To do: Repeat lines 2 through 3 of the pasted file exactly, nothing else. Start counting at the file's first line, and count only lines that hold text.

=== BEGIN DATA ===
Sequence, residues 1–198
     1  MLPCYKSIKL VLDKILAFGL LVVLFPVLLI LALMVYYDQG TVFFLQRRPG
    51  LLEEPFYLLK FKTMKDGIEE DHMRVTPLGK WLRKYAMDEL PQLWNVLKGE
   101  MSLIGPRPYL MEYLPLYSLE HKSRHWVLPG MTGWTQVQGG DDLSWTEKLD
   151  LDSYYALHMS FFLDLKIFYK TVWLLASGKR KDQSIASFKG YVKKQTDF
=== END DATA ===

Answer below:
     1  MLPCYKSIKL VLDKILAFGL LVVLFPVLLI LALMVYYDQG TVFFLQRRPG
    51  LLEEPFYLLK FKTMKDGIEE DHMRVTPLGK WLRKYAMDEL PQLWNVLKGE